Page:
I unearthed this on the bookshelves in my old room at my mother's place. I read it when it first came out and loved it. I had actually been looking for it only recently, as I had a craving to re-read it, but couldn't find it at home.
This story is inspired by an incident in Thomas Malory's Middle English romance Le Morte D'Arthure, a book I read when I was at university. In the original, it goes for about two or three pages. Phyllis Ann Karr has turned it into a novel-length whodunnit.
Queen Guenevere has arranged a small dinner for a couple of dozen of her husband's Round Table knights. All is going well until a young knight, Sir Patrise, drops dead after eating a poisoned apple. The fruit bowl was brought out for the benefit of Sir Gawaine, who loves fruit, so it is suspected by most that Gawaine was the intended victim. However, Mador De La Porte, Patrise's cousin, insists that the Queen is responsible and demands her death. Nobody who was at the dinner can accept his challenge to trial by combat. Her husband can't fight for her, though he offers to, because he has to be the judge. Her lover Lancelot is missing.
It's up to Sir Kay the Seneschal, who is in love with her and, in any case, is quite sure of her innocence, to act as the detective. While several knights, including Kay, go hunting for Lancelot, Kay and the king's son Mordred travel around interviewing everyone who might be a suspect in the matter, from the King's sister Morgana on. As they do so, a whole lot of unsolved past mysteries unwind, including who actually killed the mother of the Orkney brothers Gawaine, Gareth, Gaheris, Agravaine and Mordred.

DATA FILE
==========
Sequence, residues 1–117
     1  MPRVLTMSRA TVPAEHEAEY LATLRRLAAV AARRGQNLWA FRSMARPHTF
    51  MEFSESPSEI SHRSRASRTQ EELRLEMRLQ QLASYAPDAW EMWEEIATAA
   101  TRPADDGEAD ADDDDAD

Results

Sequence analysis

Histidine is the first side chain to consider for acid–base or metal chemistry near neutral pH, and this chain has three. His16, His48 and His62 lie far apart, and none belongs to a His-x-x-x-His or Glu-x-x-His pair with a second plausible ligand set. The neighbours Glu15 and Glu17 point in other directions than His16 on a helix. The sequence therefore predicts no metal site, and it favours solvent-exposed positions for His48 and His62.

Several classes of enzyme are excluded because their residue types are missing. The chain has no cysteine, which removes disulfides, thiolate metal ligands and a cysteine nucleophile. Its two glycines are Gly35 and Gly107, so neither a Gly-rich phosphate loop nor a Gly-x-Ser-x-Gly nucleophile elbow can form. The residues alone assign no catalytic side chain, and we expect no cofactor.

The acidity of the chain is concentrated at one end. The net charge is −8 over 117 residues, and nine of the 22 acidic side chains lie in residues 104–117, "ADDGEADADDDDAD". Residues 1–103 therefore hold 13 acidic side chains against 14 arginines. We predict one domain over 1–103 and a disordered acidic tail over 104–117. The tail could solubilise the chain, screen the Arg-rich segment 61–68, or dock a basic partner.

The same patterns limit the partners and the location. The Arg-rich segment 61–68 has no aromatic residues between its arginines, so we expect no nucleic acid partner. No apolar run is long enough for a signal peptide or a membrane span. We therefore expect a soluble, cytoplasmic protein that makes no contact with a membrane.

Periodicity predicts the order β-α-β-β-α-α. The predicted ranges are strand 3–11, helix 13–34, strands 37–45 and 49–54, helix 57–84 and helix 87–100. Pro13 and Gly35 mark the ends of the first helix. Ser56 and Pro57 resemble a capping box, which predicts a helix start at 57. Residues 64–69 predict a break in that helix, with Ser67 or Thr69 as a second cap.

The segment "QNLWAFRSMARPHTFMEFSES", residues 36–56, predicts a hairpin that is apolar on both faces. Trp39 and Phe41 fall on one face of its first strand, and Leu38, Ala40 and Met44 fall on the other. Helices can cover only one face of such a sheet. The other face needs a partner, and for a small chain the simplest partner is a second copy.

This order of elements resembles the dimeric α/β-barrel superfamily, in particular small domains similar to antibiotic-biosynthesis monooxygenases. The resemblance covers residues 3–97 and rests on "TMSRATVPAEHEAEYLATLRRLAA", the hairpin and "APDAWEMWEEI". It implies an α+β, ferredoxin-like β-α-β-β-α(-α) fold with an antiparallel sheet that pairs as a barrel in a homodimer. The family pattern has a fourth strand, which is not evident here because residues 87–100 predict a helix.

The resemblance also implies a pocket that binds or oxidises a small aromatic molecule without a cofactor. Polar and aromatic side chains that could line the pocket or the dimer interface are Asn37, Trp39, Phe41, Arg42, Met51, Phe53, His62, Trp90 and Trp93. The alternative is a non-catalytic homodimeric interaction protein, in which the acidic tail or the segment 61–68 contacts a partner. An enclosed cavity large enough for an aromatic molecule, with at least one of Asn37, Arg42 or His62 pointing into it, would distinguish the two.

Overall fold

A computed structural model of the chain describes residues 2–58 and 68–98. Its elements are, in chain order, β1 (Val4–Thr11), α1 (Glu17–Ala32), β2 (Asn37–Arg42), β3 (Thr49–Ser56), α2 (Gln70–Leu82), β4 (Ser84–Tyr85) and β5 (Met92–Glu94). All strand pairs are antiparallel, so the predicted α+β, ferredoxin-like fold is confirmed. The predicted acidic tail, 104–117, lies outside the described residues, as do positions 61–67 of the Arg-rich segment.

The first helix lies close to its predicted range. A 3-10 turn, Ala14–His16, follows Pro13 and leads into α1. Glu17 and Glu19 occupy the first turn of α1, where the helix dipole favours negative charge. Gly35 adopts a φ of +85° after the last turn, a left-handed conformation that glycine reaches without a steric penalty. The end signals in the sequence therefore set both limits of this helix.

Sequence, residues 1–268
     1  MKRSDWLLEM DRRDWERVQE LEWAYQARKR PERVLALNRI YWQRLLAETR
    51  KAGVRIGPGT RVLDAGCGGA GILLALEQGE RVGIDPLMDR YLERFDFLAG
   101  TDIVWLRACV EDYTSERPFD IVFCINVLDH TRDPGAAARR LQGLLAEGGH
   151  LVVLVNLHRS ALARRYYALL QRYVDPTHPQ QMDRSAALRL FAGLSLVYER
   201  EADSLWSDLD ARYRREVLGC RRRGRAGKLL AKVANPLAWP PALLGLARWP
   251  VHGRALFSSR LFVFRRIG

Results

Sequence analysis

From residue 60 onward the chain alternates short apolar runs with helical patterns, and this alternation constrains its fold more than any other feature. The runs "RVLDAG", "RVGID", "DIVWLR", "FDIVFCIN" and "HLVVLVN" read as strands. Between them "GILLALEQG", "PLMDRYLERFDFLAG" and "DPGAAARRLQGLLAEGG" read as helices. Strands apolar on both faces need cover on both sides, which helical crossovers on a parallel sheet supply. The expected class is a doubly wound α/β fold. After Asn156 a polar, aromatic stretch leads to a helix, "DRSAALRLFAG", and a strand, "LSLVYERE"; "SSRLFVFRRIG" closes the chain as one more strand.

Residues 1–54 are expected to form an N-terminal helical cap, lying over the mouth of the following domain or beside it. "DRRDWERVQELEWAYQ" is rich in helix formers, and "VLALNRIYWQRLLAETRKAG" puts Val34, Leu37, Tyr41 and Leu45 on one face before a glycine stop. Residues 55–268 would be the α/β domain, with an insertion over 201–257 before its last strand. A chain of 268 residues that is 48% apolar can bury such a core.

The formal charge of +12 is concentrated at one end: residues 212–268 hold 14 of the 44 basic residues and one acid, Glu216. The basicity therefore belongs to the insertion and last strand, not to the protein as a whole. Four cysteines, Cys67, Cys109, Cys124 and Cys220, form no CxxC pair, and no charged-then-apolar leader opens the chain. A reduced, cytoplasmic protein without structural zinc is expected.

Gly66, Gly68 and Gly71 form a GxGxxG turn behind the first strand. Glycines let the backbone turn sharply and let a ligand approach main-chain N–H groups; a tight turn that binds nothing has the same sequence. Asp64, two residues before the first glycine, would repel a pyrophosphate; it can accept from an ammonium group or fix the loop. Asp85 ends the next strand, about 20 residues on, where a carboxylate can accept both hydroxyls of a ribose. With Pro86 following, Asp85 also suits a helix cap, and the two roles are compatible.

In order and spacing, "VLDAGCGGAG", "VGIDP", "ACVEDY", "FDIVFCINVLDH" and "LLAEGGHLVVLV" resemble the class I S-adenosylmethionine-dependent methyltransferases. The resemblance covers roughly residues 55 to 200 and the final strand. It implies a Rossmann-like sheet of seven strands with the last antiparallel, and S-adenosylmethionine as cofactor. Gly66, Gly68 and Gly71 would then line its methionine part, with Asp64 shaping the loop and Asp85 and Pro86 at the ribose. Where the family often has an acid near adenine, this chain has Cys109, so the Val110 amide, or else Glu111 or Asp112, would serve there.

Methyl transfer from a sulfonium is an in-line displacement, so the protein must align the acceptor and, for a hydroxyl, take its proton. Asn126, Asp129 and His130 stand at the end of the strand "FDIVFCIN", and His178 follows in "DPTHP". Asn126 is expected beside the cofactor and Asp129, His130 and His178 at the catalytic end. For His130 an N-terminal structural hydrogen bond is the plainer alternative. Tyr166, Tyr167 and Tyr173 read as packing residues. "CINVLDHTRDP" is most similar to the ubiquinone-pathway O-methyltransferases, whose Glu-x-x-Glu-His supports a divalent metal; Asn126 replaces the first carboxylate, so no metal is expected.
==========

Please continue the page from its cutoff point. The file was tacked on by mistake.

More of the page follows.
Basically, it's a journey through Malory. You can get away with not having read the Morte, but if you have, it means more.
It's interesting to see the author's interpretation of the various characters. Mordred is a sad character, a lot more sympathetic than in the traditional versions. Gawaine is more like the lovable hero of Gawain and The Green Knight than Malory's unpleasant Gawain, and is still wearing that stupid green sash to remind him of his fallibility. She does not like some characters you're supposed to like, such as Gareth aka Beaumains, irritating to Kay, who considers him dishonest. Lancelot is truly awful. You do see them all through Kay's eyes, in fact. Malory's Kay is the boor everyone loves to hate. In this novel, he is the one with the brains. And she doesn't rewrite the characters - she just shows them from another angle so you can see her point.
Ms Karr doesn't bother with history. It's Malory, okay? It happens in a Britain that never was, in the fifth century, with invading Saxons, but also the fifteenth century in which Malory's book was written - and set.
There's magic in it. Nimue, Lady of the Lake, is able to speed up the group's travel time. She actually lives under a lake. Morgan can see images in a bowl of water, though with limitations. The views Kay and his friends see only give a certain amount of information they can interpret.
You do have to like both historical fantasy and crime fiction to be able to appreciate this, but I personally loved what Phyllis Ann Karr did with it. On the other hand, if you have read Malory you'll know whodunnit. Fortunately, I'd forgotten.
I assumed that this book was probably long out of print, but you can get it from Amazon and Book Depository, though with a new cover.